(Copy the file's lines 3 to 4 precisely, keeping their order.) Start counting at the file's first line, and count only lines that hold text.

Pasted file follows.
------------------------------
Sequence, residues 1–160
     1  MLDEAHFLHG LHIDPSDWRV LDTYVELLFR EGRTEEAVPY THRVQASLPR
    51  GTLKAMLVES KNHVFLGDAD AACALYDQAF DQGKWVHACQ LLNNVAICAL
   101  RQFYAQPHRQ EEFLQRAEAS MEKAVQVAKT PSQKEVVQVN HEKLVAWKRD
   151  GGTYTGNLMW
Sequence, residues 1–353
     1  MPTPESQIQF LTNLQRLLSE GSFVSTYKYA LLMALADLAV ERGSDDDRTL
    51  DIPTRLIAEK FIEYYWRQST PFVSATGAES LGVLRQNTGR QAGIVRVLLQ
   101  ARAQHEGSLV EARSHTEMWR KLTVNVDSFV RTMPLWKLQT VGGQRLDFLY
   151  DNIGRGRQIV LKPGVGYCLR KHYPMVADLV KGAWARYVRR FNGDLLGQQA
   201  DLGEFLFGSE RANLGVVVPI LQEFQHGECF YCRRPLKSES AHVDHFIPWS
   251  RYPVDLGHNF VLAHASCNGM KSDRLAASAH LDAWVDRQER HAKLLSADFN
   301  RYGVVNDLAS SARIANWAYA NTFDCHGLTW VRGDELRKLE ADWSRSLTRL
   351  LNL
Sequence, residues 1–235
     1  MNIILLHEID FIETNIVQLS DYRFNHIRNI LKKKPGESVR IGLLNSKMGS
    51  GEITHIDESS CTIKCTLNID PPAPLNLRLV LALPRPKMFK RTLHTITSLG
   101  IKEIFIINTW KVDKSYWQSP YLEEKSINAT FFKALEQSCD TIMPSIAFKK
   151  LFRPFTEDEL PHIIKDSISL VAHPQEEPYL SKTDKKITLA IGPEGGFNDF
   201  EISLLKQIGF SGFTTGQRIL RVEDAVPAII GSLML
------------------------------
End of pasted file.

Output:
    51  GTLKAMLVES KNHVFLGDAD AACALYDQAF DQGKWVHACQ LLNNVAICAL
   101  RQFYAQPHRQ EEFLQRAEAS MEKAVQVAKT PSQKEVVQVN HEKLVAWKRD